The story of the Arab revolution that was abandoned by the Arabs, forsaken by the West and forgotten by the world.
The trial of Bahrain’s top opposition leader on charges of promoting a violent overthrow of the island nation’s political system has been adjourned till May 20, in a case that has riled his supporters and heightened unrest in the Sunni-ruled Gulf Arab kingdom.
Wednesday’s trial of Sheikh Ali Salman, head of al-Wefaq Islamic Society, heard testimony from key defence witnesses. Salman, who has been remanded in custody till his next hearing, is being tried on multiple offences, including inciting a “change of government by force, spreading hatred among a segment of society and insulting the interior ministry”.
Salman was arrested last December after leading a protest rally against parliamentary elections in November, which his party boycotted. He denied the charges during his first court hearing on January 28.
“We strongly believe that Sheikh Ali Salman never had the intention of calling for the overthrow of the regime by force and never called for violence, because he is not convinced of such an approach,” said Jalila Al Sayed, one of Salman’s multiple lawyers. In a previous interview with Al Jazeera, Abdullah al-Shamlawi, another of Salman’s lawyers, said the case against his client was politically motivated and lacked legitimate legal basis.
At a previous hearing, Salman noted: “I have been working in politics since 1998, when people secretly called to overthrow the regime, and I did not take that path and was on the opposing side. I always stood alongside the government and backed the constitution. I was even a former member of parliament.”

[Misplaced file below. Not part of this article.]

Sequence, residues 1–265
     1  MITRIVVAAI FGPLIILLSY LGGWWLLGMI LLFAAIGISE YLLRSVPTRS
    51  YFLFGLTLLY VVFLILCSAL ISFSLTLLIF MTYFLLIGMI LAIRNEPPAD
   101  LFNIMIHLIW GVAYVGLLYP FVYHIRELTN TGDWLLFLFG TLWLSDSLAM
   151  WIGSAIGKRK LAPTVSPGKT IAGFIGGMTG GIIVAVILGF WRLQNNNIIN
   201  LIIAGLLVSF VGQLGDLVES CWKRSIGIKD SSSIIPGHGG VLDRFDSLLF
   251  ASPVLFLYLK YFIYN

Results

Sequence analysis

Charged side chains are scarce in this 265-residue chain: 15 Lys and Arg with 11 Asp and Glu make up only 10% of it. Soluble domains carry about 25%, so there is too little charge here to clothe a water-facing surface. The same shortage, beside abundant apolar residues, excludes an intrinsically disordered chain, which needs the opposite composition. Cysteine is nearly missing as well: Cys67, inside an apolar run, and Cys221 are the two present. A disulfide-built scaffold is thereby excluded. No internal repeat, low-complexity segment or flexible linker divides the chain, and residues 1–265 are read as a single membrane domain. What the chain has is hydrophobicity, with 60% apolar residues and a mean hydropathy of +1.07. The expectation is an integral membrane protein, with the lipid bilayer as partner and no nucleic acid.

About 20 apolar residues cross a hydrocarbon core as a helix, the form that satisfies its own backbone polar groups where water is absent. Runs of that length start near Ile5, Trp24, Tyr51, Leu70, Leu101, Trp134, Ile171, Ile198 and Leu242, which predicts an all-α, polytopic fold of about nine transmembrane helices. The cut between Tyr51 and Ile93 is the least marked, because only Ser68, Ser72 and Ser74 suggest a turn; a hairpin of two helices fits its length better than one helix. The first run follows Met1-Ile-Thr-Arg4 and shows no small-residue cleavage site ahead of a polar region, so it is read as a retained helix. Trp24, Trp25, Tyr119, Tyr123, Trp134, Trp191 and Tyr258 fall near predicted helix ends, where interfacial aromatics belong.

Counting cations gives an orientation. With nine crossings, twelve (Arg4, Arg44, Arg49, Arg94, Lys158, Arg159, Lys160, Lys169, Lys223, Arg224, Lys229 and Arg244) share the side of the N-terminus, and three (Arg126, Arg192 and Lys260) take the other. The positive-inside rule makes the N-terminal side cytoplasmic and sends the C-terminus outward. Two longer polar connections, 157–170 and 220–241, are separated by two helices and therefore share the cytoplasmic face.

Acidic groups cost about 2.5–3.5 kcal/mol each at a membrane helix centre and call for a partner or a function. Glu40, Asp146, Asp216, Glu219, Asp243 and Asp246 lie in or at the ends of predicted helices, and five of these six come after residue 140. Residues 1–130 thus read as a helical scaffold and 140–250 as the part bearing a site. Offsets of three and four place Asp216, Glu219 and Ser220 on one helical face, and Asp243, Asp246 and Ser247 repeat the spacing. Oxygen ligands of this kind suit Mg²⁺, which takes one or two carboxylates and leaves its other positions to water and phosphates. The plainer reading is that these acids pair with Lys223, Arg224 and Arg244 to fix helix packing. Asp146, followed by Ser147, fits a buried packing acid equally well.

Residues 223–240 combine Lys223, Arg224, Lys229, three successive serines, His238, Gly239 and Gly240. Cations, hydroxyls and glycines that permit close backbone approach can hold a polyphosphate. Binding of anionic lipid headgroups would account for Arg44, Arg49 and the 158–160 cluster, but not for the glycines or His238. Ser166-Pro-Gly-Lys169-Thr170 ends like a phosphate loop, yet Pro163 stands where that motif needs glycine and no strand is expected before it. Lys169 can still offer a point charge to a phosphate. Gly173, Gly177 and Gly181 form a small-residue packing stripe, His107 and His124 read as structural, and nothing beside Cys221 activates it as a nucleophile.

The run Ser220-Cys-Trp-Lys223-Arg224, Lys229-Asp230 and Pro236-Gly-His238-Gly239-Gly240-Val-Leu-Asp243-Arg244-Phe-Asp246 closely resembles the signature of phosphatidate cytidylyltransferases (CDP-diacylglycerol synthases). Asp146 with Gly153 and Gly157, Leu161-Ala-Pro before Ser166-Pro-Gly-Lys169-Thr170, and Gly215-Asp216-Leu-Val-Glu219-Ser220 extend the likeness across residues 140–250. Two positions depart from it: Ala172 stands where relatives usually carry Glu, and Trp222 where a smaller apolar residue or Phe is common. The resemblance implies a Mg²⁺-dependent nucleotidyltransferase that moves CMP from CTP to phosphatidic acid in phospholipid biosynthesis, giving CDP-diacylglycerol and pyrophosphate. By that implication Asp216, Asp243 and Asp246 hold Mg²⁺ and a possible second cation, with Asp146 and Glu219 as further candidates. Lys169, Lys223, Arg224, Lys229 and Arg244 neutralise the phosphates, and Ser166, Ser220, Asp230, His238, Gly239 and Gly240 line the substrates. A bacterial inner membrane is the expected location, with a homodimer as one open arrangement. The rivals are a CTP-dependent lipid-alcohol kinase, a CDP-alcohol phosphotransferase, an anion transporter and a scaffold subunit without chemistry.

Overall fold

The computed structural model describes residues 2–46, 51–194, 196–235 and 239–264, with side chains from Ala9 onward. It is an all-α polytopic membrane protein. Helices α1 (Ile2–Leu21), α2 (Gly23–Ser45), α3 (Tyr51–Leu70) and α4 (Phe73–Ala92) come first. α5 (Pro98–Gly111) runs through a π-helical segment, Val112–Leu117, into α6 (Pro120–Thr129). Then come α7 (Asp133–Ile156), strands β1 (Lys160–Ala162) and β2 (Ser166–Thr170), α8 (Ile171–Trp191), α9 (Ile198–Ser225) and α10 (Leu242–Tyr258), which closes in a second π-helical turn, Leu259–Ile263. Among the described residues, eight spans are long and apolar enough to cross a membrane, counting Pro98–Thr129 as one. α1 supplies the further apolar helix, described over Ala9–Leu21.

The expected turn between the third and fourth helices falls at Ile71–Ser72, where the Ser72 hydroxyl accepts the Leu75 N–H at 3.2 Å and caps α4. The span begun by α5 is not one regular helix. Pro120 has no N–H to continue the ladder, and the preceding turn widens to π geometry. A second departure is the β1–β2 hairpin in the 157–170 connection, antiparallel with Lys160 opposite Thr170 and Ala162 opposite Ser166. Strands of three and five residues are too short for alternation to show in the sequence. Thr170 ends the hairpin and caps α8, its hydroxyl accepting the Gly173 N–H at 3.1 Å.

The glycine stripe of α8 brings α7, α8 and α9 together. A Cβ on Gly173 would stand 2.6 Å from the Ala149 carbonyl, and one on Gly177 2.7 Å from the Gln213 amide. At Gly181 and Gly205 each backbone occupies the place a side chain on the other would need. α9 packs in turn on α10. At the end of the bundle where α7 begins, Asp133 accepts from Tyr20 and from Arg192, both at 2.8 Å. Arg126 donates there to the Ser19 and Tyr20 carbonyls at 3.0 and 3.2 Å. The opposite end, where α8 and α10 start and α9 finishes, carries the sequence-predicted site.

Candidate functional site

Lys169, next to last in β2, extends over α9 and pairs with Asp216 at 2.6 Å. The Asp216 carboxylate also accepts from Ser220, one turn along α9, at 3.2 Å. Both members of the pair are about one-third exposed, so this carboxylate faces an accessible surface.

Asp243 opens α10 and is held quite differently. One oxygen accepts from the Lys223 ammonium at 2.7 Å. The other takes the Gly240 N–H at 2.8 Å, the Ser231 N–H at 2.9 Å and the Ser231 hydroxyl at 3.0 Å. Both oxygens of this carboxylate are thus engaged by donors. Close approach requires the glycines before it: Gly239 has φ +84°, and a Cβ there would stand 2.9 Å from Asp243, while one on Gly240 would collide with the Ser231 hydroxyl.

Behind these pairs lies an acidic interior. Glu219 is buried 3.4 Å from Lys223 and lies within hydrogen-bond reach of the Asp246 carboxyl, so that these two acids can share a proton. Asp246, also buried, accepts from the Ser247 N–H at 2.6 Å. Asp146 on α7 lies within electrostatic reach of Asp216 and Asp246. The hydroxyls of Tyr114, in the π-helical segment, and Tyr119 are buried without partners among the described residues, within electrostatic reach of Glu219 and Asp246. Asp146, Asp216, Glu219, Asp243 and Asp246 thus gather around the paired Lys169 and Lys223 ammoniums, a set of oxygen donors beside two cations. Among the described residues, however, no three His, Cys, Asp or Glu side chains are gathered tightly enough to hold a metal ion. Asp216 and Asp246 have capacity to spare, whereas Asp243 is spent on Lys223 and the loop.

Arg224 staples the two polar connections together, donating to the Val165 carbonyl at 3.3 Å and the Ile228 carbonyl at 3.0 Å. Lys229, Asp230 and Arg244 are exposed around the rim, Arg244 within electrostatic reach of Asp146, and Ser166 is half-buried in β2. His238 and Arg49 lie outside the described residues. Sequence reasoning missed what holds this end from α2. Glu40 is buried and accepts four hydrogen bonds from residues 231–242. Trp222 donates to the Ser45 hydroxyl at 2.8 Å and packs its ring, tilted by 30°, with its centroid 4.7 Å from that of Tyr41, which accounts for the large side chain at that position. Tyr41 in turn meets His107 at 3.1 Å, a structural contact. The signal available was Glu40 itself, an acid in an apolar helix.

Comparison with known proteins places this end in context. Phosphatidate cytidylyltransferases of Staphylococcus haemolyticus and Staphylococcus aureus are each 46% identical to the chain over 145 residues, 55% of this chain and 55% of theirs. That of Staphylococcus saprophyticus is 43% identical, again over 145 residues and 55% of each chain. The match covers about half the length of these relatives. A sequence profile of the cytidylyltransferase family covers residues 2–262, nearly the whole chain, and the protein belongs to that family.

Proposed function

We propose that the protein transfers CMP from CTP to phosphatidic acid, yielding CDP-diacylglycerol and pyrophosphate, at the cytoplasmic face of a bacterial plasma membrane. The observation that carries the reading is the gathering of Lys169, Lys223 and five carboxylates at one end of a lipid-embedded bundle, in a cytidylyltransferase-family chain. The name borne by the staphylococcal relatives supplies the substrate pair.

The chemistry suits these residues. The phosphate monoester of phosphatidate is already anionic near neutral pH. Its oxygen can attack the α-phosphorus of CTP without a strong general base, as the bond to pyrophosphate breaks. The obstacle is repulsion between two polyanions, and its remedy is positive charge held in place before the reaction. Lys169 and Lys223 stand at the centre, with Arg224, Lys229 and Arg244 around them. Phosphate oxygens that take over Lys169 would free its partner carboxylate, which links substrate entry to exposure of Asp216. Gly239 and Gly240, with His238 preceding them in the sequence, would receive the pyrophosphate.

Asked whether the continued legal action against Salman could hamper the relative stability in the small island kingdom of 1.3 million people, Adel al-Muawda, a member of Bahrain’s upper house of parliament, said Bahrain had every right to investigate Salman, calling it “a matter of law and order”.
Although the trial may appear to be provocative, authorities have little choice but to hold it, since Manama is only legitimate if it applies the law.
“Disturbances will happen, of course, by people who do not like for law and order to take its place,” Muawda said.
According to Mohammed Al Sayed, a spokesperson for moderate group Citizens for Bahrain,several of the charges against Salman “are of a serious nature and deserve to be examined”.
“However, it is up to the courts to pronounce on his guilt or innocence and not us or those taking to the streets,” he told Al Jazeera.
Al-Wefaq was founded in 2002, a year after Bahrain announced political reforms, in which the country became a constitutional monarchy with an elected parliament and an independent judiciary.
The leading opposition political society has long complained of political and economic discrimination by the government against the Shia population, including being shut out of certain professions – charges Bahraini authorities have continuously denied.